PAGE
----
Speaking to ETimes about how actresses are often subjected to body shaming, Nimrat says, “I don’t think the idea of a perfect body or good looks is something that I associate with acting. Being a performing artist has nothing to do with physicality. As an artist, when I think of actors I have loved through the ages, I have never looked at their bodies or faces. It is about the emotions they stir, the sentiments they create, and how they move the audience with their work. As an actor, I would strive for the best and keep working hard to make that part of faculties as genuine and as heartfelt as possible. Of course, it is a business of entertainment, and by default, how you look becomes a part of the entire picture. But that’s not the focus.”
On how she deals with the negativity and pointy comments coming her way, Nimrat adds, “I don’t deal with any comments. I was doing this for a paid job. At the end of it, I would get a salary. I was employed to do what I was doing, but what if I didn’t have a choice. The lack of sensitivity and empathy got my attention which is why I chose to speak about this part of my job. I experienced it for the first time.”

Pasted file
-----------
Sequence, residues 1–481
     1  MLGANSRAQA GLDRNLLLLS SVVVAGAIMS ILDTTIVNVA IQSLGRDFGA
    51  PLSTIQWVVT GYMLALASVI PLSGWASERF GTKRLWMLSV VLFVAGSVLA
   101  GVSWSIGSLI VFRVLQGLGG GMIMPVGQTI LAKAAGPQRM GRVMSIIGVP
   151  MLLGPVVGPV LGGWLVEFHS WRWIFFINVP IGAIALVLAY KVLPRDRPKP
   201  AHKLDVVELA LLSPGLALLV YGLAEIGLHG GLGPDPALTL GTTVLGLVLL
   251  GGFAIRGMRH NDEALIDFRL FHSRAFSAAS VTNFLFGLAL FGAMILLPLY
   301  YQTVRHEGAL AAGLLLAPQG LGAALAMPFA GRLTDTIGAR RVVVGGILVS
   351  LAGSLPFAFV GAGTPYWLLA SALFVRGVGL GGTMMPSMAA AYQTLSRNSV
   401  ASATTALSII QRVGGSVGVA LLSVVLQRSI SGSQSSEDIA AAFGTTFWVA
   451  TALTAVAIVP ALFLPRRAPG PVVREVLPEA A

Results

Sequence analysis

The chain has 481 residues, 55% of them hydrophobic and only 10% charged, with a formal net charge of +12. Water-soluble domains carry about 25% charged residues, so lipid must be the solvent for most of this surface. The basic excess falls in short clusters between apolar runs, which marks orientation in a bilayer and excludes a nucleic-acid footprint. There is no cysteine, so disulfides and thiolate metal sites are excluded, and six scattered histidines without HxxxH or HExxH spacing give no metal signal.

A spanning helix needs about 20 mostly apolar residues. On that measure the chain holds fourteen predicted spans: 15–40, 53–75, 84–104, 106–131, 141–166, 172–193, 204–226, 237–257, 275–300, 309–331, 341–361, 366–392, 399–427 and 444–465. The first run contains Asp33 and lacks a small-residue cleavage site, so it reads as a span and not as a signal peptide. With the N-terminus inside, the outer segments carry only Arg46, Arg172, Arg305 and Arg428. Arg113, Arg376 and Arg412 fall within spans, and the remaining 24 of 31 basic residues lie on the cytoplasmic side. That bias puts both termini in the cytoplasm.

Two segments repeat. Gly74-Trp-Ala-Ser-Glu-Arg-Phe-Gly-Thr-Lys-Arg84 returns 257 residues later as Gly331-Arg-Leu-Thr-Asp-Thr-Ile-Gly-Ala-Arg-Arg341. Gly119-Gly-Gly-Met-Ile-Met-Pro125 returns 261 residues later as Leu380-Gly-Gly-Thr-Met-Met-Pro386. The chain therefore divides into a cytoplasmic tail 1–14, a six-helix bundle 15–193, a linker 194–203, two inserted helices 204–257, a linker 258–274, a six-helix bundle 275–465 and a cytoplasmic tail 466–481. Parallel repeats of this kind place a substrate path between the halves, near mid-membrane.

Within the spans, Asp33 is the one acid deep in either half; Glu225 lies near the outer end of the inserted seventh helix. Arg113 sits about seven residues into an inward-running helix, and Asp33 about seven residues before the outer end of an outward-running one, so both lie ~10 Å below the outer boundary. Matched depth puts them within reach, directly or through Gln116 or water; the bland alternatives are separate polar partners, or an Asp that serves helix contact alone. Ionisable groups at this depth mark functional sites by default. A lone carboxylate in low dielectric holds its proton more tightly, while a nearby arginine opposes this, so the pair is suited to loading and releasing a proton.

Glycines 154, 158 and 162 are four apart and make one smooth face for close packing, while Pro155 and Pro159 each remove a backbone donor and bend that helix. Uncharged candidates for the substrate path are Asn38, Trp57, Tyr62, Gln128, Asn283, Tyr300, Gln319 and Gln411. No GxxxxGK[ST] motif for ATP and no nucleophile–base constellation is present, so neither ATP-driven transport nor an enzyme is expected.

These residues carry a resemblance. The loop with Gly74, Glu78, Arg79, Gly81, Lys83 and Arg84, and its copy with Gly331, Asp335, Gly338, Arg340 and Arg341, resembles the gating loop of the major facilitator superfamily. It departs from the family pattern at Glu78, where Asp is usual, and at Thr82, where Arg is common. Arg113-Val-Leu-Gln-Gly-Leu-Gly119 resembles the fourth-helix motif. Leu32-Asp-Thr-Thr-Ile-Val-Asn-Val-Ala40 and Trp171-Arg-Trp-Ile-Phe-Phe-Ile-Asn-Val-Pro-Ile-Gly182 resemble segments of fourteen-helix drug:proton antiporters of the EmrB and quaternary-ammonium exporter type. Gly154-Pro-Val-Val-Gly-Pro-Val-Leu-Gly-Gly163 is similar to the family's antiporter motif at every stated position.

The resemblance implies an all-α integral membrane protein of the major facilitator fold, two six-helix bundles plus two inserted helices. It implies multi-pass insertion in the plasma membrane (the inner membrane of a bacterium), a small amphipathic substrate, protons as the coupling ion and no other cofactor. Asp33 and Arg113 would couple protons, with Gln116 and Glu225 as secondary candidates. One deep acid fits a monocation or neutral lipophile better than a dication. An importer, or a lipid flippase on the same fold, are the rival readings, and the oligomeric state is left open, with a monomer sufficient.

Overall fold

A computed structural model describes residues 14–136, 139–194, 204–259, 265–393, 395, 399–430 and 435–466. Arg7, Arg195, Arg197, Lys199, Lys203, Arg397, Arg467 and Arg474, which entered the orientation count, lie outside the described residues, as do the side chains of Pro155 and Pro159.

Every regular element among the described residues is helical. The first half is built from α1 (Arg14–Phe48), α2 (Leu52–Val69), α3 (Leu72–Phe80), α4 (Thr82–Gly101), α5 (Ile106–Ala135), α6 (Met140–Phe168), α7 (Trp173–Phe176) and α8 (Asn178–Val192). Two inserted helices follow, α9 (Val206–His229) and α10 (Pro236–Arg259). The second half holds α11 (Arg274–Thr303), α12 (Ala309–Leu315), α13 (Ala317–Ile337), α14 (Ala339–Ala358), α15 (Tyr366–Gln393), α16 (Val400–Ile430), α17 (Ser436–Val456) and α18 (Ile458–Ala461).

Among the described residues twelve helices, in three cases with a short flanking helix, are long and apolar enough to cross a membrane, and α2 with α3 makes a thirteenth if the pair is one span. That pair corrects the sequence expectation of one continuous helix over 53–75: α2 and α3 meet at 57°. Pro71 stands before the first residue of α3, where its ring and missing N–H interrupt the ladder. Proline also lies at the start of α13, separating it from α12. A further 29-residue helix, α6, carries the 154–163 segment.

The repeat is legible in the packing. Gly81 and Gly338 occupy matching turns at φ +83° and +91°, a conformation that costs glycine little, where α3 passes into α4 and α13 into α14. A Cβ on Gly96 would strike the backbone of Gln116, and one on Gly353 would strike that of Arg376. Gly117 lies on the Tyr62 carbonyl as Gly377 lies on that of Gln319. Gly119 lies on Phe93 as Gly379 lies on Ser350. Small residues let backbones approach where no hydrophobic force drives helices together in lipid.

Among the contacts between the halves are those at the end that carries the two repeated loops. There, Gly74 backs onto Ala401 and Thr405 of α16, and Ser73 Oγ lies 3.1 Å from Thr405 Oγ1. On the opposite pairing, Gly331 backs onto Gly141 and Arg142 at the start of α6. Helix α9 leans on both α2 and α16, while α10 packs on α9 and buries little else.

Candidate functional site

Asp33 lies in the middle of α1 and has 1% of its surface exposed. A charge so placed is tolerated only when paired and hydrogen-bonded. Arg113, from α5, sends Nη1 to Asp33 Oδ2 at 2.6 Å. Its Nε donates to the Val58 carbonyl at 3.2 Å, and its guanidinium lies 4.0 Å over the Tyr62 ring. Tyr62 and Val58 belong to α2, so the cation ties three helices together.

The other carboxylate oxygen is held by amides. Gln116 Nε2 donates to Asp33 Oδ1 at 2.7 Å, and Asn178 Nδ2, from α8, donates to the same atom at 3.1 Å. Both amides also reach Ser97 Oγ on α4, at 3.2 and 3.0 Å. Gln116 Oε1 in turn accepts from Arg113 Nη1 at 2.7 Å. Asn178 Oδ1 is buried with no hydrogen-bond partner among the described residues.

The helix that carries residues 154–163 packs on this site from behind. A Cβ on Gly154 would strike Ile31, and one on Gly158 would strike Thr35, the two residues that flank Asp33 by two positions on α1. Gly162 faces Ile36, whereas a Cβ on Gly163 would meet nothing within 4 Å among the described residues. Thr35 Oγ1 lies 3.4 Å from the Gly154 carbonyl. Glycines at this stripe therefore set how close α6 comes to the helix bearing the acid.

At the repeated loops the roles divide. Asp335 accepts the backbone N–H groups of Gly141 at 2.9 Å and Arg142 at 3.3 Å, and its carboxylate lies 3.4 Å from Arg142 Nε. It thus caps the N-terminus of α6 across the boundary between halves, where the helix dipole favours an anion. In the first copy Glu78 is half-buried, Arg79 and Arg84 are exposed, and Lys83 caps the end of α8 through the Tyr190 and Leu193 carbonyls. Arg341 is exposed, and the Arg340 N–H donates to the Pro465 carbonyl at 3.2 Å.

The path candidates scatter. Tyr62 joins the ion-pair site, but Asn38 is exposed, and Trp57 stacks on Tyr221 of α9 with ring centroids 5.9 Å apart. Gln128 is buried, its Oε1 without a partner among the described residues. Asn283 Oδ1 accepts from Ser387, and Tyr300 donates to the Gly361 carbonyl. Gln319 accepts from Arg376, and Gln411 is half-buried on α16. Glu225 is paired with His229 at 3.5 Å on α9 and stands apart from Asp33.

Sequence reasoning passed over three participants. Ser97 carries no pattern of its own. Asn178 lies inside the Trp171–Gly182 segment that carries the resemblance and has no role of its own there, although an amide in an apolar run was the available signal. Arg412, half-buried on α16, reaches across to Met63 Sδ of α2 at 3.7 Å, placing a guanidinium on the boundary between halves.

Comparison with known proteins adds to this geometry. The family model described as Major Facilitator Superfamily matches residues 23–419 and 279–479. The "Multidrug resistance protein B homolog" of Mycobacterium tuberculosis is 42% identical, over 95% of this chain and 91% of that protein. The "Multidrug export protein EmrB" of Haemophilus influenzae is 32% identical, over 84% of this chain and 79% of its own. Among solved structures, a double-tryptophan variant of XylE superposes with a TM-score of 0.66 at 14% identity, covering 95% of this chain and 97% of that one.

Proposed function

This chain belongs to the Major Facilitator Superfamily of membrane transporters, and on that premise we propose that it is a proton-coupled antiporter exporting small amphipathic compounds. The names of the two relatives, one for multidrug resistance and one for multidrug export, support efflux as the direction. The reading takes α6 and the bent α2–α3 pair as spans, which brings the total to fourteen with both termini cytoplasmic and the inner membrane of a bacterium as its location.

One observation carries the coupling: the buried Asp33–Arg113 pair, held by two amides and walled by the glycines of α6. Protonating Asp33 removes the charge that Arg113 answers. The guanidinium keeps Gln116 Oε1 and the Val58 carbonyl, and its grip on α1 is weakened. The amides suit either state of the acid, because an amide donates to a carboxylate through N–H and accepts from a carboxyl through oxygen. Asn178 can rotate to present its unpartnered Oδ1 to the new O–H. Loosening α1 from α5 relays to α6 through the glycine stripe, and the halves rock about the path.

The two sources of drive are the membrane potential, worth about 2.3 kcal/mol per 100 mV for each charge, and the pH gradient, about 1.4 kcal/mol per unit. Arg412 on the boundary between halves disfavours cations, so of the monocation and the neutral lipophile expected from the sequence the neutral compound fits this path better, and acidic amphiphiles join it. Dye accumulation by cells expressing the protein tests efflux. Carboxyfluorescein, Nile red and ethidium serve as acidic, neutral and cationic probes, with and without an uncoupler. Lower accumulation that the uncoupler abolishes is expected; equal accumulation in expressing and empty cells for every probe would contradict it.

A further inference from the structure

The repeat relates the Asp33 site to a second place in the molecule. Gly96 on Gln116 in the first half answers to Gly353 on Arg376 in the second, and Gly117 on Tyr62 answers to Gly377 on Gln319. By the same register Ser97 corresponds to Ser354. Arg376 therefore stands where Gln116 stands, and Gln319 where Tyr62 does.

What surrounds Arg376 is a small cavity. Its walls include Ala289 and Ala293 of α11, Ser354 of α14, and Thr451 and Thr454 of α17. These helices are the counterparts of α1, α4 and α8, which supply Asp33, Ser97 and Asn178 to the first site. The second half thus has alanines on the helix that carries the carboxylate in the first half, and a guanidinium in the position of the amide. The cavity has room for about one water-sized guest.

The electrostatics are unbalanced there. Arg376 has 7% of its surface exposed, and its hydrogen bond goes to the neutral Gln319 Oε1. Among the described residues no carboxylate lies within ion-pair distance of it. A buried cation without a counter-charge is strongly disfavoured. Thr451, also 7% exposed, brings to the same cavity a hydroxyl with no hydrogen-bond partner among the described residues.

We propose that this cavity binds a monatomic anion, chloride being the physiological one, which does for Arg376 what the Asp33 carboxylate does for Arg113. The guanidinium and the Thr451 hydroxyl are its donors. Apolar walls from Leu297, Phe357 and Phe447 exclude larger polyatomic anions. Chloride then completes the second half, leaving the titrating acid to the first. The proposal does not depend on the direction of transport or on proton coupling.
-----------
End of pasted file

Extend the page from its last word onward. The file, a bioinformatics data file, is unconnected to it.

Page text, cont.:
Nimrat believes that her responsibility begins with bettering her relationship with her body and making sure no one comes in the middle of that. “I would only like to request everyone, whatever prejudice against your body, weight, skin colour, or gender you are dealing with, have faith in yourselves and love what you see in the mirror. We get one body in a lifetime, respect it, and treat it well. Don’t ridicule it, don’t disregard it. One should never take things for granted. We have such privilege of having a healthy and functioning body. We should wake up grateful. If there is anything we have learnt from the last two years is that we have a lot to be grateful for, and we need very little to be happy. Let’s hold on to things that build us, repair us, and encourage us,” she signs off with a food for thought.